Denver cop slams lady into the pavement

Denver cop slams lady into the pavement, then arrests her for talking to the media


Police Trap DNC Protesters in a Circle

Police Trap DNC Protesters in a Circle


Priests arrested at the DNC


Young girl arrested for chalking up sidewalk with anti-abortion message


The Dark Side of Denver

3,000 march in largest demonstration of DNC

Police arrest two at protesters’ house

Denver police hit protesters with pepper spray from cannons, arrest 100


Concentration Camp Set Up For DNC Protesters

Concentration Camp Set Up For DNC Protesters
Cells topped with barbed wire to be used to hold protesters rounded up in mass arrests

Steve Watson
August 15, 2008

A CBS news crew has uncovered a huge warehouse holding facility in Denver, consisting of steel cages topped with barbed wire, ready to receive thousands of protesters at this year’s Democratic National Convention.

“This is a building filled with metal holding cells,” described CBS reporter Rick Sallinger. “We showed up at the facility unannounced today, the doors were wide open, and we managed to shoot for several minutes until a Denver sheriff’s captain asked us to leave.”

The warehouse is located on the north-east side of Denver and is owned by the city. It appears that officials wanted to keep it a secret until the convention began. The police captain captured on film warned that if made public, the facility could be compromised “by people who are potentially trying to be disruptive.”

The CBS footage shows a huge area of metal chain-link cells that measure 5 yards by 5 yards, topped with rolls of barbed wire. Each pen is adorned with an identifying letter.

Signs on the walls of the warehouse read “Warning! Electric stun devices used in this facility.”

On seeing the footage one local political organizer told the crew it resembled a “concentration camp”, while another described it as a “meat processing plant”. The facility has already been dubbed “Gitmo On The Platte”.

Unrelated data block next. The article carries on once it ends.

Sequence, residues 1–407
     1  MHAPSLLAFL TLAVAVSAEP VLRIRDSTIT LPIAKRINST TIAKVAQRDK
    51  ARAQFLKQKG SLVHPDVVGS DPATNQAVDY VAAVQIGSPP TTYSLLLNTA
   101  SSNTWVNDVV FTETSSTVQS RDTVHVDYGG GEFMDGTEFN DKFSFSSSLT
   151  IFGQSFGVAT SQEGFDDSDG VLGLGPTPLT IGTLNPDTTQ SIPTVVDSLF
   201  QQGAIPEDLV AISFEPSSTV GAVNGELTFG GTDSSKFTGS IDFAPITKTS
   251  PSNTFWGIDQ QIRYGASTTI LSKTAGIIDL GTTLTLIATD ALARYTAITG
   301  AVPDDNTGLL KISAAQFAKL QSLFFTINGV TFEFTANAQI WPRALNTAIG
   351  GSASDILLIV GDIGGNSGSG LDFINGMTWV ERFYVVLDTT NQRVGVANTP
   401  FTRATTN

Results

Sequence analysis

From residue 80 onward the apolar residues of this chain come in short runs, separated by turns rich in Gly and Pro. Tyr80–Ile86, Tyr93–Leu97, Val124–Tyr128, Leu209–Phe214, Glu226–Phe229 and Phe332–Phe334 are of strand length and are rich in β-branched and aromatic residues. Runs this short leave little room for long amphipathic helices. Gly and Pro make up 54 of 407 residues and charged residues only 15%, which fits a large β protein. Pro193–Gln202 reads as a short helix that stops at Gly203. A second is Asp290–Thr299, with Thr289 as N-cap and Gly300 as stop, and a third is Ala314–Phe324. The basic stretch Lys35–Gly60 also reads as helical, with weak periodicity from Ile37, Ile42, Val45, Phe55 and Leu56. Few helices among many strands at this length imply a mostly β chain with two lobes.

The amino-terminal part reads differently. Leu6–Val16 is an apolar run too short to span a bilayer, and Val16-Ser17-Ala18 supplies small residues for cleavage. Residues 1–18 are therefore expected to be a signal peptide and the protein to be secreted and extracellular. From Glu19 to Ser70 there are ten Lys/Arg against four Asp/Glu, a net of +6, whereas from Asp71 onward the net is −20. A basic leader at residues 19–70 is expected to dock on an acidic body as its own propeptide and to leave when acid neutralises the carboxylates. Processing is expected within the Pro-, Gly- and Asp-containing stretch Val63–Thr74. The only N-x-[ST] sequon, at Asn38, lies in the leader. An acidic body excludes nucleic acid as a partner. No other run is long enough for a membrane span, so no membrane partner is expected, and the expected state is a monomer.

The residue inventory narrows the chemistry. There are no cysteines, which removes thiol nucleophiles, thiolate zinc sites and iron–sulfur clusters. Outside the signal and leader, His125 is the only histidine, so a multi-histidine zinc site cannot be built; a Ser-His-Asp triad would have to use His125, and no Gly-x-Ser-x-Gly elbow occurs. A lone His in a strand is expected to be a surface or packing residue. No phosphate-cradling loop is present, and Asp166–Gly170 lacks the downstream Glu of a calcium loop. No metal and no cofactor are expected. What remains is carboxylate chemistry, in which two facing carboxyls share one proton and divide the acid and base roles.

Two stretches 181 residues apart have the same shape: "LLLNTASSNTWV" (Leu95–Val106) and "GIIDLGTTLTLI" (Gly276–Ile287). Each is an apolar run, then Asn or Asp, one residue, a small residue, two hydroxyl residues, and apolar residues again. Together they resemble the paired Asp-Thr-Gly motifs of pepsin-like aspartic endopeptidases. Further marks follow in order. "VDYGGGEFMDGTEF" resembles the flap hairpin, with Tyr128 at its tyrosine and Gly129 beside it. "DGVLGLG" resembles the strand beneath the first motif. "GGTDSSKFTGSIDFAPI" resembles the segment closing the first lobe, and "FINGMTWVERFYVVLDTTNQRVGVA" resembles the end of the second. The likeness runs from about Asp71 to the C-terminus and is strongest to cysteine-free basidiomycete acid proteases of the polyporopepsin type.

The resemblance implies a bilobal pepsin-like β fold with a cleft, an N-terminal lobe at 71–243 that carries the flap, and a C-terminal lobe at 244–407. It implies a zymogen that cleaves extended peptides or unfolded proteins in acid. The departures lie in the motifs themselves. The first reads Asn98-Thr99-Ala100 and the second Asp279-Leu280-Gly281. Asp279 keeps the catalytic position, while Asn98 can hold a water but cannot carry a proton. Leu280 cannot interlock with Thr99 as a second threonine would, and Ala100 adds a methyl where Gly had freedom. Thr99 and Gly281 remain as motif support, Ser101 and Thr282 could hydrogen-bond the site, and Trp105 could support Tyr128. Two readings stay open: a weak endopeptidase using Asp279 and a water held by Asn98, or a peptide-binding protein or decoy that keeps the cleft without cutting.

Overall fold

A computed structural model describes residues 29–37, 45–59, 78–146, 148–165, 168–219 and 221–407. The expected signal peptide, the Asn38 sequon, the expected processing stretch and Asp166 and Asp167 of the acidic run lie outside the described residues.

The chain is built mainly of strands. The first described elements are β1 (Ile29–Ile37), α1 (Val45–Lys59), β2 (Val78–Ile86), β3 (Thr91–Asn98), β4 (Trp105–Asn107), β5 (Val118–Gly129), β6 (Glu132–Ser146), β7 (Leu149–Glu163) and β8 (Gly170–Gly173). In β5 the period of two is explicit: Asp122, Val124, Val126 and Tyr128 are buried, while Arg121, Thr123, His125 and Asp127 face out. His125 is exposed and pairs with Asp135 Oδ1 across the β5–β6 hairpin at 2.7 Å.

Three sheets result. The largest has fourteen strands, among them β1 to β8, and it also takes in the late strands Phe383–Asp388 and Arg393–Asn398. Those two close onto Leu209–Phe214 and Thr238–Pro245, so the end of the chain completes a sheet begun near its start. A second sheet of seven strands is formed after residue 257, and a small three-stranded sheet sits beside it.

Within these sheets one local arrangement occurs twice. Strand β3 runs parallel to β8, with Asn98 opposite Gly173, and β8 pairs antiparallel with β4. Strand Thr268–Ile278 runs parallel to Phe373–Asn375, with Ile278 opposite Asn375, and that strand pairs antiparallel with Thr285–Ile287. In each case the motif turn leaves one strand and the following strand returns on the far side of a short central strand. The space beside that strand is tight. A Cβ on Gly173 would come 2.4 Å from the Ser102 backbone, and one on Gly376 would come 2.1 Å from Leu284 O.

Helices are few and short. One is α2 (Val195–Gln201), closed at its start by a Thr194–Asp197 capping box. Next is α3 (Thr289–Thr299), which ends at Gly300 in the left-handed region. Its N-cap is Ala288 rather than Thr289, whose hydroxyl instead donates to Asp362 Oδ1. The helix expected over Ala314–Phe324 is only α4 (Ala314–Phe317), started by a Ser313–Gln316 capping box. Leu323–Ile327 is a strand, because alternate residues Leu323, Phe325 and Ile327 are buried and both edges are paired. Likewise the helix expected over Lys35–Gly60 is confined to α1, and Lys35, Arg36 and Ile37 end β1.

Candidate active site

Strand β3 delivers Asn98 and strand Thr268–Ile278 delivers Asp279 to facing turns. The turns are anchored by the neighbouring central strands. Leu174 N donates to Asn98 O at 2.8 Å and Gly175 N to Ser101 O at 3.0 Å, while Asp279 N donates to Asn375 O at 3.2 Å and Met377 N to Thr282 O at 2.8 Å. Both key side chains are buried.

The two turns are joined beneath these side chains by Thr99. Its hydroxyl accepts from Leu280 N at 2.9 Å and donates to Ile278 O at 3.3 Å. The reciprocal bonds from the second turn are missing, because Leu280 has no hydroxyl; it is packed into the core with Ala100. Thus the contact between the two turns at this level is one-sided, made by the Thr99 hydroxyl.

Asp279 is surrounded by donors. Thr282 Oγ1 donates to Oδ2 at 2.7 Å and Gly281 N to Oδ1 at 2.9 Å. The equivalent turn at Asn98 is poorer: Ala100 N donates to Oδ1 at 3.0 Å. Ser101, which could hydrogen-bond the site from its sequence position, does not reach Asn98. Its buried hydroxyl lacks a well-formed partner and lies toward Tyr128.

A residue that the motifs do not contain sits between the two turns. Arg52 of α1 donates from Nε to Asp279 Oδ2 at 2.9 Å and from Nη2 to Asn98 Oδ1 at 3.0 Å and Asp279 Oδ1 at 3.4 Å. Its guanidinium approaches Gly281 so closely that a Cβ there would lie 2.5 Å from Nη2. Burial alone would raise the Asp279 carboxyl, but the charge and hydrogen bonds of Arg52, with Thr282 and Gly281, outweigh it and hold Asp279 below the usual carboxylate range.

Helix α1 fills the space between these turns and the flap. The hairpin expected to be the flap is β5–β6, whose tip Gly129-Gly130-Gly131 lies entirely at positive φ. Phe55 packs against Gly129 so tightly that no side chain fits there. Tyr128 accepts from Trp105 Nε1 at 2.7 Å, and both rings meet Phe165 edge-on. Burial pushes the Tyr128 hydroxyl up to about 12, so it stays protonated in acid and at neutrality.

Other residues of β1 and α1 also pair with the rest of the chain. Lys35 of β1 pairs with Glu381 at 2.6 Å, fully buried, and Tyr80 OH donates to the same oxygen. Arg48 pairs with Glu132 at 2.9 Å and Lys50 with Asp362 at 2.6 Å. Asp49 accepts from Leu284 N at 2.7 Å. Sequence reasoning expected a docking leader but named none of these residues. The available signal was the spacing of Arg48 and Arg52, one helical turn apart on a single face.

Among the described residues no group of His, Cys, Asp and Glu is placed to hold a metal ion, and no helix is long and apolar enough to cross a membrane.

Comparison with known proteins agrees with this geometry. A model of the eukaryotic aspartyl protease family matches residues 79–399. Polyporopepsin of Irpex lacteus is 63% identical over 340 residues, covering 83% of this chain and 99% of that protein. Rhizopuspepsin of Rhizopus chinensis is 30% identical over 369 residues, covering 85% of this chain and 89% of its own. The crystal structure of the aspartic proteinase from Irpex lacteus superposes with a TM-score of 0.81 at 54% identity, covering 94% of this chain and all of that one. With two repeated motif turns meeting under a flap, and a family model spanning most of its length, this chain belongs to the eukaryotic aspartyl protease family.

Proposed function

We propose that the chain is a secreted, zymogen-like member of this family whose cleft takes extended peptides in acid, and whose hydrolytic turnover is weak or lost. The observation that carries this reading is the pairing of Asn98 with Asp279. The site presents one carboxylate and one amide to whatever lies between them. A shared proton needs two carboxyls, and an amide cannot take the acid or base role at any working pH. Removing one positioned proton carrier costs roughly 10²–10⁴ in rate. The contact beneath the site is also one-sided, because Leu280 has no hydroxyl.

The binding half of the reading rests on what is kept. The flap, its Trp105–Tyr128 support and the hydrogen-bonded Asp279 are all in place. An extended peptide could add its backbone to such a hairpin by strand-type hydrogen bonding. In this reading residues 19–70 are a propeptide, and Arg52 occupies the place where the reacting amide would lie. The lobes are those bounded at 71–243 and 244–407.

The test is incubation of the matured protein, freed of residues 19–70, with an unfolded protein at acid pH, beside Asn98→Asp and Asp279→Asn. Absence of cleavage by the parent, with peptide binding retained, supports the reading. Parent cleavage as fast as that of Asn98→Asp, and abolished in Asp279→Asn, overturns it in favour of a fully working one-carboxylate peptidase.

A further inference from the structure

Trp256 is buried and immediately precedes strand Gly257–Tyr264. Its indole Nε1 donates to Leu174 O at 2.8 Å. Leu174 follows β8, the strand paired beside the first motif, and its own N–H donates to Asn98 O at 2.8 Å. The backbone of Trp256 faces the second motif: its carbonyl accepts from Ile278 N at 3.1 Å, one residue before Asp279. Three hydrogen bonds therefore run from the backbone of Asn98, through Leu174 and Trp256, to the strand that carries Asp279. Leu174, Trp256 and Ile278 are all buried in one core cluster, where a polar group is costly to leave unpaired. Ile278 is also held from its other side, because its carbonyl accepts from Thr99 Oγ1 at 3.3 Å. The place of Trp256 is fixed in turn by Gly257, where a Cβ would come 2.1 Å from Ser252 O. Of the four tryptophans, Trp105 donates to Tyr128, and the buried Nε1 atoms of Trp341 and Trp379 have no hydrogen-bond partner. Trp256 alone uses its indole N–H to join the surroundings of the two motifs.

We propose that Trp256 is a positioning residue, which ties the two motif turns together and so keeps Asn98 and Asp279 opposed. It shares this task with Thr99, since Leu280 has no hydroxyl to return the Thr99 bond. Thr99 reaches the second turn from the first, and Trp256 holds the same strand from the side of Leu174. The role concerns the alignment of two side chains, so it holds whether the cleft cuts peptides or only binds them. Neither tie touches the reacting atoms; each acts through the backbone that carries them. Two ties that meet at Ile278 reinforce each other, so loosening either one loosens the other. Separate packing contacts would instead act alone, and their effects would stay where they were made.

Watch the video:

Such “prison camps” were also used in 2004 during the Democratic and Republican National Conventions. The areas close to the DNC in Boston consisted of concrete walls, barriers and metal cages with barbed wire.

The areas were invisible to the Fleet Center where the convention was held and were referred to as “Boston’s Camp X-Ray”.

At the 2004 RNC in New York holding pens were also employed as protestors and innocent people were swept up in mass arrests and transferred to then-recently closed Hudson Pier Depot at Pier 57 on the Hudson River in Manhattan.

The facility was quickly dubbed “Little Gitmo” as thousands were bound and paraded into a large warehouse area behind steel caging.

This was taken from inside a portable bathroom at Pier 57. You can see people being lined up to get inside the huge pen. Throughout this 30 second clip, a chant of “Let Us Go!” starts in one part of the complex and quickly spreads to every corner. Learn more about the photographer’s experience here:

More recntly, such holding areas have been employed in conjunction with the Orwellian concept of “free speech zones”.

The Secret Service has been granted the power to declare “first amendment areas”. They scout locations where the president is scheduled to speak, or pass through, target those who carry anti-Bush signs and escort them to the protest pens prior to and during the event.

Inevitably the pens are far away from the event location and well away from any media spotlight.

Holding pens will also be employed at the RNC later this year with local law enforcement working with the secret service to designate the areas in Minneapolis.


We Are Change Colorado Check Out DNC Detention Camps and Break Exclusive Footage

Photos and Videos From Inside New York’s Pier 57 Detention Center

Bush protesters get $50,000 settlement for unlawful strip-search at RNC 2004,0,2510112.story

City Defends ‘Secret Jail’ Built For DNC

Huge protests expected at political conventions

DNC Protesters Outraged Over Makeshift Razor-Wire Jail in Denver Warehouse